Once you understand how hashtags work, you can start using them yourself in tweets.
There are two main routes to go down when using hashtags:
1) Turning key words in your tweet into hashtags, picking the words that would most likely be searched. (Try not to use more than three hashtags in a tweet)
“Everyone is invited to Church this Sunday morning where we’ll be talking about Jesus”
Think about which particular words in the sentence might be the ones people will search. Words like is, to and this are definitely out. Possibly everyone, morning or talking but these are fairly vague words and wouldn’t bring up any useful results. Church and Jesus on the other hand are words people might actually be looking for:
“Everyone is invited to #Church this Sunday morning where we’ll be talking about #Jesus”
2) Create a new hashtag which is then used to group specific tweets together. This may be for an event, a campaign or just a regular feature on Twitter such as a podcast or weekly video.
“Everyone is invited to Church this Sunday morning where we’ll be starting a series of talks about Luke #Luketalks16”
This type of hashtag is generally put before or after a sentence (unless of course you’re talking about the hashtag!)
Creating a Hashtag
When choosing a hashtag, always do a quick search for it before you start using it. It’s okay to use one that has been used before but check to see when the last time someone used your chosen hashtag. If it’s clear it’s still being used regularly you’ll need to pick something else. If it hasn’t been used in a while you’re good to go.
As a hashtag has no spaces in between words, always make sure the combined words don’t spell out anything else (especially something rude). This has caused social media campaigns to backfire in the past, so don’t let it happen to you!
Finally, make it as easy as possible to remember and spell. You don’t want people to be misspelling it as you then missing all those tweets because you’re only searching for the correct spelling. You’ll also need to keep it as short as possible, as the length of the hashtag will cut into the 140 characters you have to tweet. The longer your hashtag is, the less characters people will have to tweet with.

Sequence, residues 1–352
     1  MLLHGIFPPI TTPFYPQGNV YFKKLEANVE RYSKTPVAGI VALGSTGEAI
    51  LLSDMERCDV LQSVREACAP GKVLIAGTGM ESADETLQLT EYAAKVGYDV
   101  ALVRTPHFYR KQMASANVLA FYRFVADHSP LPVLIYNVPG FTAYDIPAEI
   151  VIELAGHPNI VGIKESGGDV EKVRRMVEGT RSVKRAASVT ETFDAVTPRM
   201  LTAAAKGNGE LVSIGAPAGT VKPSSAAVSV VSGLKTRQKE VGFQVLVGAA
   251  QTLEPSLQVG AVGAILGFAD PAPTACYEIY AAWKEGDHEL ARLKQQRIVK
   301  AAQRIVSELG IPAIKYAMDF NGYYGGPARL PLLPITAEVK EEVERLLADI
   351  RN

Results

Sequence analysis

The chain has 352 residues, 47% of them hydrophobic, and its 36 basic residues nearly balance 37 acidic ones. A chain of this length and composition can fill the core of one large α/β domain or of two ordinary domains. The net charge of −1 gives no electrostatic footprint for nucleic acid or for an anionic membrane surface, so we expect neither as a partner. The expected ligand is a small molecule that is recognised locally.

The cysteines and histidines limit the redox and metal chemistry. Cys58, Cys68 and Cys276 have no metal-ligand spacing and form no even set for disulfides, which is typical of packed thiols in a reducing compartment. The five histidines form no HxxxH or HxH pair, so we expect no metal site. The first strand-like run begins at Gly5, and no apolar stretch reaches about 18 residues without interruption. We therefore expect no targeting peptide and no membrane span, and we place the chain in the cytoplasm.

Top Tip: When creating a hashtag for for an event or project at your church, make sure everyone knows what it is by including it in tweets and other social media channels, on your website and even on service sheets.
Use Tweetdeck or a similar resource to keep track of the people using the hashtag in tweets. There’s no point having one if you’re not able to easily see who else is using it. Keep track of any regular hashtags you use and try not to create too many at a time as it will confuse people and they won’t know what’s what.
Engaging with other hashtags
It’s always a great idea to try and get involved with the current trending hashtags, as it will help you get noticed, especially if your contribution to the trending hashtag is popular (be funny!). Always make sure you understand where the hashtag has originated from or why people are using the hashtag in the first place. When the hashtag #WhyIStayed started to trend, one pizza company started using it, only for it to backfire as the hashtag was about domestic violence.
Got any questions? Let me know in the comments below.
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